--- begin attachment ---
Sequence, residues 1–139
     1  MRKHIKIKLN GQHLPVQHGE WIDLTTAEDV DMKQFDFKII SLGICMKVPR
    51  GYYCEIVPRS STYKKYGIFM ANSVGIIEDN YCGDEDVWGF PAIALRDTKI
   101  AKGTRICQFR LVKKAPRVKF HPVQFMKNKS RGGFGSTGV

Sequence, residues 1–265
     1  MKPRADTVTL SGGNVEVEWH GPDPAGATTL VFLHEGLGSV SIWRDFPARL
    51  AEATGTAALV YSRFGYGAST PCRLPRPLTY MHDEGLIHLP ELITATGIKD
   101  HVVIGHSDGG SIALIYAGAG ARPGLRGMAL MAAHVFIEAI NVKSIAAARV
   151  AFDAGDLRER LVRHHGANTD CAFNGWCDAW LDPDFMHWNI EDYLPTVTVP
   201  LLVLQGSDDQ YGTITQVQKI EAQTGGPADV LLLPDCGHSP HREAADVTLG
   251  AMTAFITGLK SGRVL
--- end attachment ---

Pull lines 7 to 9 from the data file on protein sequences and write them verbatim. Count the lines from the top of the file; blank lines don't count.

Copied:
    51  AEATGTAALV YSRFGYGAST PCRLPRPLTY MHDEGLIHLP ELITATGIKD
   101  HVVIGHSDGG SIALIYAGAG ARPGLRGMAL MAAHVFIEAI NVKSIAAARV
   151  AFDAGDLRER LVRHHGANTD CAFNGWCDAW LDPDFMHWNI EDYLPTVTVP